The history of cricket in Portugal goes back to the days of the Peninsular War when Wellington's British troops were encamped in Lisbon. The fact that there has been an annual fixture between sides from Oporto and Lisbon, played virtually every year since 1861, gives testimony to the credentials of the cricketing establishment.
Seen as a sport with strong English ties, it was the almost exclusive domain of a relatively small group of ex-pats and sons of British families of long-standing residence in Portugal. After the 1974 revolution, which saw the former Portuguese territories in Africa and the east being granted independence, the population shift of Portuguese nationals which resulted meant that there was an influx into metropolitan Portugal of people who had learned how to play cricket in places such as Goa and Mozambique. In addition, many Portuguese residing in Angola and Mozambique relocated to Rhodesia and South Africa where their children were soon exposed to the traditions of cricket.
The harnessing of this latent talent was no easy task but, with the help, guidance and understanding of the European Cricket Federation, European Cricket Council (ECC), and the International Cricket Council - Europe Office, over the past two decades, the present administrators of cricket in Portugal have embarked upon a development plan which is intended to see cricket progress into a truly national game within the next ten years.
The Cricket Association of Portugal was formed in 1994 and the Portuguese Cricket Federation in 2001. Portugal became an Affiliate member of the ICC in 1996.
International cricket started for Portugal in 1995. Playing in the European Cricket Federation Nations Cup in 1995 won the tournament, in 1996 runners up to France and in 1997 finished fourth. Playing in the ECC Trophy in 1999 were runners-up to Greece, in 2001 won the tournament, in 2003 finished in 5th position. In the ECC Division 3 tournaments in 2005, 2007 and 2009, and in the ECC Division 2 tournament in 2012 Portugal finished out of the top four, but in 2011 finished in 4th. In 2000, having been invited to play in the third European Cricket Championships in Glasgow, they finished fourth in Division II. In 2002, they finished third in Division II of the fourth European Cricket Championships in Belfast.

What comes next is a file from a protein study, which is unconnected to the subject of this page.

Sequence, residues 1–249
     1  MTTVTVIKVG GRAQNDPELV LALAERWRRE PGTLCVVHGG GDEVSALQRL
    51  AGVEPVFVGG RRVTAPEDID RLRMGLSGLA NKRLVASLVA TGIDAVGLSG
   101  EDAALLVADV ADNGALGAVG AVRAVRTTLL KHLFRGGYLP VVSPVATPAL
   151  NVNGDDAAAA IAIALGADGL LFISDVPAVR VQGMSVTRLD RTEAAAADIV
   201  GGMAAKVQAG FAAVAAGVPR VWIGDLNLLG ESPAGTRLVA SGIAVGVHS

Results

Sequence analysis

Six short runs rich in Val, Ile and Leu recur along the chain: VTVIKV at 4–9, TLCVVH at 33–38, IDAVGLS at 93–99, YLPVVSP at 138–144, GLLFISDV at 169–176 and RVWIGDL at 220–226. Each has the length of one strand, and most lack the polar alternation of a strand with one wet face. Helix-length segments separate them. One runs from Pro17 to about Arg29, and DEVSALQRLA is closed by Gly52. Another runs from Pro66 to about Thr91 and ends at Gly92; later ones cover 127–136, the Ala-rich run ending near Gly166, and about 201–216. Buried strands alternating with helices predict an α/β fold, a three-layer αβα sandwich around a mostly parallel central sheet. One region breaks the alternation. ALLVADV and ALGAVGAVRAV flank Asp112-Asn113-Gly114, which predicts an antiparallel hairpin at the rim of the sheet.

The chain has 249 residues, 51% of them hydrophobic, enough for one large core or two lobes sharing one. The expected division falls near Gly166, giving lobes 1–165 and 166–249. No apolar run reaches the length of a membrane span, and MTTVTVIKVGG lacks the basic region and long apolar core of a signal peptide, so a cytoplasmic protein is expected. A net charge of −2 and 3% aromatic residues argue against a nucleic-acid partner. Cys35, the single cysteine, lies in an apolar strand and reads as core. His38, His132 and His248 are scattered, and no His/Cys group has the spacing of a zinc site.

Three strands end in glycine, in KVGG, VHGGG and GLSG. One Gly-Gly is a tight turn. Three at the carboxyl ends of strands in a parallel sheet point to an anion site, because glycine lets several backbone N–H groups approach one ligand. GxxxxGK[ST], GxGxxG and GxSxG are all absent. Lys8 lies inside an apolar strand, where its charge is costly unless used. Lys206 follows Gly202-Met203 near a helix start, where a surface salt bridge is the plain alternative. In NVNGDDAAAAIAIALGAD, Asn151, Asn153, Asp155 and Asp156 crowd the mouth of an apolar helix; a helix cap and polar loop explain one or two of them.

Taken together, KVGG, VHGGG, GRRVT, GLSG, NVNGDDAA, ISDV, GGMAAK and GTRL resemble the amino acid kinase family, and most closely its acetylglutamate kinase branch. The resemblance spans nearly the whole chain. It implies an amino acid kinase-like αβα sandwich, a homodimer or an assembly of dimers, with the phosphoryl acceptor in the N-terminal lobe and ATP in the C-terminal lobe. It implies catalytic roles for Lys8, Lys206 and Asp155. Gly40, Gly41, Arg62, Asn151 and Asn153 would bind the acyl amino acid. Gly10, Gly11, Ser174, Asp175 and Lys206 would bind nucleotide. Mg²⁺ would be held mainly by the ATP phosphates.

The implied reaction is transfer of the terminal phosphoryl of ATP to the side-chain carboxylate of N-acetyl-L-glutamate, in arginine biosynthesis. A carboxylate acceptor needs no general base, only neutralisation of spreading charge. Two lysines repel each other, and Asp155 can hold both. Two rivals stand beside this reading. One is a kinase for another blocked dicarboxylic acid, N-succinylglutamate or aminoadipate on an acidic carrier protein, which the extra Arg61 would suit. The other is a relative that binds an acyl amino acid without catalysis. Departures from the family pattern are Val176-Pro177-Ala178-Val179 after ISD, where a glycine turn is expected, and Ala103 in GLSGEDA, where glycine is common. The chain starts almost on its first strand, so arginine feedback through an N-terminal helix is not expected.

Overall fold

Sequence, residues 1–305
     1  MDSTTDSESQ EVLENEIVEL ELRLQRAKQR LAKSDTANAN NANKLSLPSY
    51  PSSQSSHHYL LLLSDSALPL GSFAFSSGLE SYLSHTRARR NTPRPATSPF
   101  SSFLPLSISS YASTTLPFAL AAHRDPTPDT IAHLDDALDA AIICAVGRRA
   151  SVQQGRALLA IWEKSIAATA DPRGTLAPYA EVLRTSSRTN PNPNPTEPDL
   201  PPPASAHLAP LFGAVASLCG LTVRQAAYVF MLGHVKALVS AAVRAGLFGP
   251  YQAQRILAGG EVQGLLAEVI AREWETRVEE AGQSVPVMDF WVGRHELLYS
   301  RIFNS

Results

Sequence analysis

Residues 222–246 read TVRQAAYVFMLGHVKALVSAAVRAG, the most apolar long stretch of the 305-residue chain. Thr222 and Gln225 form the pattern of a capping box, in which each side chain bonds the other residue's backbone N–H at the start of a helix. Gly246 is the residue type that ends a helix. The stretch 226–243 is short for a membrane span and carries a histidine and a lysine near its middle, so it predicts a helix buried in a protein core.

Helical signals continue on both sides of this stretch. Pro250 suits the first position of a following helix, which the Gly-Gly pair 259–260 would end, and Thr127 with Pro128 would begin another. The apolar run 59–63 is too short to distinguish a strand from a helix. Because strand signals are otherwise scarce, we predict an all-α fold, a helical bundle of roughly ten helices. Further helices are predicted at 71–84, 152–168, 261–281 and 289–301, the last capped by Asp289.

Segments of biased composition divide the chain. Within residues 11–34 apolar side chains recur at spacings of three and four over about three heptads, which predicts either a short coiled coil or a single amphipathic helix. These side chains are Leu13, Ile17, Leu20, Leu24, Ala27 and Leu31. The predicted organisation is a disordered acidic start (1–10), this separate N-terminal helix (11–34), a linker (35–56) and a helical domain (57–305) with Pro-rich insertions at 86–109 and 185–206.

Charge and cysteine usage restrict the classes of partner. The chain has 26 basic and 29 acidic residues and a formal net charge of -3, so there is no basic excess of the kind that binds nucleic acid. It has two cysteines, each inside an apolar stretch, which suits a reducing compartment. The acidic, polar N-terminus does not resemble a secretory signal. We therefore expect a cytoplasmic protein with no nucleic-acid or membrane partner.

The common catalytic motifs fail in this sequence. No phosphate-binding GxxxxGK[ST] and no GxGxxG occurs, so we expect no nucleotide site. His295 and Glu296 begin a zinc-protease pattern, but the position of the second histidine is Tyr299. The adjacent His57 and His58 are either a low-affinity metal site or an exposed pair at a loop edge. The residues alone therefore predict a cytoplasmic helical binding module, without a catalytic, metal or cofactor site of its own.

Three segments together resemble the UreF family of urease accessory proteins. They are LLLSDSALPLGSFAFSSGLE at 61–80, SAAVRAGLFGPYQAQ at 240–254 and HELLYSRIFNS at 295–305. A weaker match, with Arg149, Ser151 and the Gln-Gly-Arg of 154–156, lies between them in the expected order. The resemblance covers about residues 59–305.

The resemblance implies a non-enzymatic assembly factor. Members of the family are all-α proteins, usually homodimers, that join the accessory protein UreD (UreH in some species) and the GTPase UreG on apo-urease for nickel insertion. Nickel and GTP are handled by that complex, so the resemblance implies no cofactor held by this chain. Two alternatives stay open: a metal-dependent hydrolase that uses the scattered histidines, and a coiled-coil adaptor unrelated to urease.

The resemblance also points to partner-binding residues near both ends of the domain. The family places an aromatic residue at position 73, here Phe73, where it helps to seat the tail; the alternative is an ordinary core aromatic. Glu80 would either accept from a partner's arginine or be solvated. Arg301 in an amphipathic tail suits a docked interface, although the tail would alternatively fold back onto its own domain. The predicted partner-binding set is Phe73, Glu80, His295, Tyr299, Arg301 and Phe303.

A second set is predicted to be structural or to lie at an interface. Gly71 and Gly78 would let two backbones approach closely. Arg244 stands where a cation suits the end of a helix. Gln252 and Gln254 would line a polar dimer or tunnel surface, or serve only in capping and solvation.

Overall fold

In the European Indoor Championship arena, Portugal won the tournament in 1998, 1999 and 2001, finished runners up to Denmark in 2003 and 2008, third in 2000, 2004, 2005, 2006, and only finishing out of the top four in 2002. Portugal won the Player of the Tournament award in 1997, 1998 and 2008. The Indoor game was a good stimulus for cricket in Portugal, as the local indoor sports stadia can easily be used for Indoor cricket, and the short version of the game appeals to the local population.
As far as development is concerned cricket has been accepted as an additional sport by the Physical Education Department of the University of Castelo Branco, and by 2 school boards. In 2015 the first under 14 interschool tournament was held.